At the same time Hezekiah was reforming the religious life of Judah, encouraging the people to worship and serve Yahweh only, he was also embarking on a program to reorganize the government and improve the economic conditions of Judah. Many of these reforms were likely done in preparation for his revolt against Assyrian domination. However, Hezekiah’s economic reforms were a genuine effort at improving the socio-economic conditions of the people of Judah.
Some of Hezekiah’s political reforms were part of his effort to arm Judah, to prepare for war, and to plan for an eventual siege of Jerusalem. According to the Chronicler, Hezekiah repaired the broken walls of Jerusalem, built defensive towers on the walls, and reinforced the Millo, the defensive rampart of Jerusalem.
Hezekiah also built a second wall of defense around the city which extended the city boundaries. This second wall may have been a defensive measure to enclose the city’s water supply within the walls of Jerusalem. However, archaeological evidence indicates that there was a sizable increase in Jerusalem’s population during the time of Hezekiah, possibly due to the migration of people from the Northern Kingdom to Jerusalem before, during, and after the fall of Samaria in 722 B.C. This increase in population may have been a motivating factor in extending the wall around the city.
Hezekiah made many weapons and shields to supply the army with the armament needed for the war (2 Chronicles 32:5). He set military commanders over the people. Sennacherib’s account of his campaigns against Hezekiah indicates that Hezekiah had both regular and irregular troops under his command. This information indicates that Hezekiah’s army was composed of both the national militia and of foreign mercenaries. According to the Chronicler, Hezekiah gathered his officers and the people together at the public square in front of the city gate and encouraged the people with these words:
“Be strong and of good courage. Do not be afraid or dismayed before the king of Assyria and all the horde that is with him; for there is one greater with us than with him. With him is an arm of flesh; but with us is the LORD our God, to help us and to fight our battles” (2 Chronicles 32:7-8).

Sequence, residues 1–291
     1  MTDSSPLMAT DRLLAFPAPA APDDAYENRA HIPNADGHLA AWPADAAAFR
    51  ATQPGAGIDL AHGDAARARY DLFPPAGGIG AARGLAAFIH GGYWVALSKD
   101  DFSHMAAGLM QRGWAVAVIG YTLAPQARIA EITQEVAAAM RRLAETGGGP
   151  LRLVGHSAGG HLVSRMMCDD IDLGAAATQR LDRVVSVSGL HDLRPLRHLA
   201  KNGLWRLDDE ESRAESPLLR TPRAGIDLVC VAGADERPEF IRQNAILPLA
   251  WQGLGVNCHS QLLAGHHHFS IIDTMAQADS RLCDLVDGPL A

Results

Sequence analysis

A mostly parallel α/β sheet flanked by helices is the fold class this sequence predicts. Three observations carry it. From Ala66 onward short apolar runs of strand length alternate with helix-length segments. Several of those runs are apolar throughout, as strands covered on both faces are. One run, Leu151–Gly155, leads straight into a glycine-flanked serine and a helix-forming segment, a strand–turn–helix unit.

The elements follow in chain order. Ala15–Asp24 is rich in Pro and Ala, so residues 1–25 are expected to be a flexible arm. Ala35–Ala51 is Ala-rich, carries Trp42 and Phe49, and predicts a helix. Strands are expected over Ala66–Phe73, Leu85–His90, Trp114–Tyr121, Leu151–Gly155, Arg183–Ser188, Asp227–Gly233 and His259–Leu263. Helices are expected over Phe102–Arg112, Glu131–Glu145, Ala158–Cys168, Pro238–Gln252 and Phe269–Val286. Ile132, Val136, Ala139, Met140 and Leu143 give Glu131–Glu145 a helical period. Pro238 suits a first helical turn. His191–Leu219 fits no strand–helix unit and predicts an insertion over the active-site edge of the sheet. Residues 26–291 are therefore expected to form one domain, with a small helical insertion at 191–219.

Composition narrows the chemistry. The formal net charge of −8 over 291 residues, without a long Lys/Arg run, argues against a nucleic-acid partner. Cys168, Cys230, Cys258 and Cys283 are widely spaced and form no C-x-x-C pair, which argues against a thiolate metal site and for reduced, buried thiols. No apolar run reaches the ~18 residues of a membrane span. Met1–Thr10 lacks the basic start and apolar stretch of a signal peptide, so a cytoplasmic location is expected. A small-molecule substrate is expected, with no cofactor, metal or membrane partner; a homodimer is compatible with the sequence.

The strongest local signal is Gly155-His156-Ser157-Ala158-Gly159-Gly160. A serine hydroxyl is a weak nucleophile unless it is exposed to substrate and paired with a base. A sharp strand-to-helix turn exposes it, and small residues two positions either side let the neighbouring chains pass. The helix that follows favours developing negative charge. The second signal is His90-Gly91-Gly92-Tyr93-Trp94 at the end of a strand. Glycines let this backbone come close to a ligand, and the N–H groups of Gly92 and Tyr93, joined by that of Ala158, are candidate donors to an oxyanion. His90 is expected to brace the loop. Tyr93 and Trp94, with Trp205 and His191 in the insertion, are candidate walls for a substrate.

Hezekiah’s economic reforms and great wealth are seen by the Chronicler as evidence of God’s blessings (2 Chronicles 32:29). Hezekiah prepared for a possible siege by building storehouses to hold surpluses of wine and oil. He also built stalls for his livestock. This description of Hezekiah’s wealth may reflect his achievements as a king honored by God but may have also another purpose. These economic reforms and building projects were probably designed to provide stockpiles of food for distribution in a time of shortage, such as during a siege.
One of Hezekiah’s greatest engineering achievements was also a step he took to prepare Jerusalem for a possible siege. Jerusalem’s main water source was the Gihon spring, a perennial fountain located outside the walls of the city. During a time of siege, the city’s water supply could be cut off by the besieging army, thus depriving the inhabitants of the city and the city defenders of drinking water. This problem is apparent in the reference to the aqueduct of the upper pool mentioned in Isaiah 7:3, which indicates that Ahaz was taking steps to protect the city’s water supply in preparation for a possible siege of Jerusalem during the Syro-Ephraimite war.
Hezekiah’s aim was to bring water from the Gihon spring and at the same time conceal the source of water from his enemies. In order to build a tunnel and bring water into the city (cf. 2 Kings 20:20), Hezekiah’s engineers cut an aqueduct that is more than 1700 feet long (about 500 meters long), underneath the walls of Jerusalem, through solid rock, in order to bring water from the Gihon spring into the Pool of Siloam. The Gihon Spring was concealed and the cave was sealed up in order to protect the source of water. An inscription written in ancient Hebrew script and found on the wall of the tunnel in 1880 confirms the Biblical account of this engineering achievement and describes how the two teams of hewers working from opposite directions literally met in the middle.